Some time went by. One evening I was going across the street to Mass, and he was there in the dark, waiting on the corner, he came over and caught my hand and drew me away, off to the side of the church next to the cars parked along the sidewalk, where he tried to get into some serious messing around; I didn’t like this at all, just couldn’t get past the fact that he was my little brother’s friend, a youngster I’d seen practically in diapers, someone who had approached me to help with a girl, now this whole hot teenage boy thing was happening; that time, the situation felt dirty and wrong, almost incestuous if that makes sense, so I quickly broke it up and walked away.
It must have been close to the end of the school year by then, and I was starting a summer job with the Department of the Navy. Where he went, I have no idea, I just know I didn’t see him after that. There were other boys, -- there were always other boys, and then there were men at the place where I worked, so this boy was eventually forgotten, except for the memory of what had happened between us every time I passed his house or when I saw his mother in church or around the neighborhood.
I did see him one other time, a few years later, when I was doing volunteer work at the Salvation Army store downtown; by then I knew he had married his pregnant girlfriend and they were living above his mother’s house back in the old neighborhood, as I recall he was working in his father’s construction business. When I saw him in the store, I went into the stock room where I hung out for a good long while, hoping he hadn’t seen me. Figuring he had left, I came out -- there he was, waiting for me. He was a man now, full grown and quite handsome. He smiled and started talking like we were good old friends and I was blushing and stammering and backing away, trying to figure a way to get out of his orbit; finally I said I had to go back to work and went into the office and closed the door. That was the last time I saw him in person.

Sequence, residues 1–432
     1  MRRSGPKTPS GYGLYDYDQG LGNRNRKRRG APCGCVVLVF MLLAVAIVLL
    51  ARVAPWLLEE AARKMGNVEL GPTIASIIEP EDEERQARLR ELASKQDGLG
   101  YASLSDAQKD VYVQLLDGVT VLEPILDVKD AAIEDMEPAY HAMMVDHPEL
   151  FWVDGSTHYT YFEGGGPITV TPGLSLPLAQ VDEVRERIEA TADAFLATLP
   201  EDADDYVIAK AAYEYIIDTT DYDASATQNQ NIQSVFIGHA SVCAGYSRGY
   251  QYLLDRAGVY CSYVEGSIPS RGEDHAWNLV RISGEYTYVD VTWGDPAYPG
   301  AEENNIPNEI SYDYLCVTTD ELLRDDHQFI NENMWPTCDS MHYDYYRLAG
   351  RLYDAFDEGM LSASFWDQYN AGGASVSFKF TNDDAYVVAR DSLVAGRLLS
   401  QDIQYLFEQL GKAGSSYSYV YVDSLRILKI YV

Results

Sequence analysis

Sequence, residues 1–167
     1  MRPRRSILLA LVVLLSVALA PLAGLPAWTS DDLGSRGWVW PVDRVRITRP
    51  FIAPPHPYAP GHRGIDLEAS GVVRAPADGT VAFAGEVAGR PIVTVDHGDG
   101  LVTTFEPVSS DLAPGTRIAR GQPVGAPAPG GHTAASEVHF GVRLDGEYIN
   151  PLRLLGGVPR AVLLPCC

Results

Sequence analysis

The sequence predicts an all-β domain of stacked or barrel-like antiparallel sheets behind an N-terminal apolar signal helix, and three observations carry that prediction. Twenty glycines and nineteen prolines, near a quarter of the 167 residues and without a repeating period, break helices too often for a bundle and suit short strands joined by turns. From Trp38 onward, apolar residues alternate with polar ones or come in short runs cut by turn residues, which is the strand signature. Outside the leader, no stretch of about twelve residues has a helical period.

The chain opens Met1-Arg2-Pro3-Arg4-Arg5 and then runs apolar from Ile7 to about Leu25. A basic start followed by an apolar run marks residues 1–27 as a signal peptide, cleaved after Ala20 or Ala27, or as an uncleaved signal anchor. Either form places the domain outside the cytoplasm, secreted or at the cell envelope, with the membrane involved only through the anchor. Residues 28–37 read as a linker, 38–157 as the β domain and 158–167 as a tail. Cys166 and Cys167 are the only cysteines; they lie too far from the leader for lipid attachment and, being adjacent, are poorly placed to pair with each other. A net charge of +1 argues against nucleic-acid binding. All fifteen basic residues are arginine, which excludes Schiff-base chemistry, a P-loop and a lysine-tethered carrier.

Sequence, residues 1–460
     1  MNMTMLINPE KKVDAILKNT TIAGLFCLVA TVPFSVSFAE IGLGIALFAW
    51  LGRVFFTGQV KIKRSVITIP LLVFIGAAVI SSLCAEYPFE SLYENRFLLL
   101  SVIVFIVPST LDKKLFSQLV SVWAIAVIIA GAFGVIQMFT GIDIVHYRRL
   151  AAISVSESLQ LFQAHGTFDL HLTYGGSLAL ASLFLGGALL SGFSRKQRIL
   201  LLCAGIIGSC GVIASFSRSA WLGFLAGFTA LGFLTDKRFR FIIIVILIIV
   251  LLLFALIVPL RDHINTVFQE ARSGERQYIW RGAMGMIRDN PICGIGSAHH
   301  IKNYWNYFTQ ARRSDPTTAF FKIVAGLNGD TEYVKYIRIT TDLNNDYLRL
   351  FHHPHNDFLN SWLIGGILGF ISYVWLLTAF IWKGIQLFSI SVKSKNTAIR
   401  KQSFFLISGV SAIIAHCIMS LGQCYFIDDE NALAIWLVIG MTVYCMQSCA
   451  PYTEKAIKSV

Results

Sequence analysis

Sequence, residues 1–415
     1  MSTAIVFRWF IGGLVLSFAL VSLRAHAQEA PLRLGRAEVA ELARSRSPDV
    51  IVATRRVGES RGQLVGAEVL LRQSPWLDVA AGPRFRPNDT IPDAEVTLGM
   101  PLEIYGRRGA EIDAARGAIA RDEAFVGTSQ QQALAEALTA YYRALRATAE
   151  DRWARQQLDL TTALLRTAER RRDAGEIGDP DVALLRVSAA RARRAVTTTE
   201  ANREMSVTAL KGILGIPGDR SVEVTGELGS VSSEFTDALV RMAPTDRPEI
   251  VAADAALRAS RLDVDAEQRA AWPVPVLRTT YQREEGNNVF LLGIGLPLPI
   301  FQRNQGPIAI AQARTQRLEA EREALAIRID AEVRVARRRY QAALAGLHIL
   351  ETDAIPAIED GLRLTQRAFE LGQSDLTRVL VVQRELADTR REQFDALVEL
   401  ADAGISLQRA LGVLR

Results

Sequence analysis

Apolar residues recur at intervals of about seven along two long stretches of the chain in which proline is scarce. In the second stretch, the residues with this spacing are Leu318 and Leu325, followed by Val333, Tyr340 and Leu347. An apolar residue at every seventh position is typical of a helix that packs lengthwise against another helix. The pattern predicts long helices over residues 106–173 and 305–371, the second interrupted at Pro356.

The next time I saw him was on the television, this was maybe three years ago. His son, the child his girlfriend had been pregnant with when they married, had been involved in a notorious local crime -- if I gave you the details here, you would know immediately who and what I was talking about. -- and he was on television, at first concerned for his son’s life, then later when it was clear beyond any doubt the young man had been deeply involved in serious criminal activity, stonewalling.
Watching this whole thing unfold, I thought, that could have been my son, that could have been my husband, that could have been my life.
When I was a young mother, one of my children’s aunts on the paternal side was sent off to prison and I took in her three children, two nieces and a nephew; the family doubled overnight from three to six, then I had my son, which made seven. I enrolled my nephew in the local Little League; he was a nice polite young kid and like most of the males in that family, a gifted athlete, it was a real pleasure going to his games and watching him play. I knew many of the officials from the League, and some of the volunteer coaches, from years back, mostly by virtue of living across the street from Memorial Park and being involved in the Memorial Recreation Council. I was too busy to go to practices; the brute liked to hang out at the field with the other guys and watch the kids practice and play, he knew the League people better than I did, and he and my nephew often spoke of them by name around the house. This was our neighborhood, and these were neighborhood kids and people.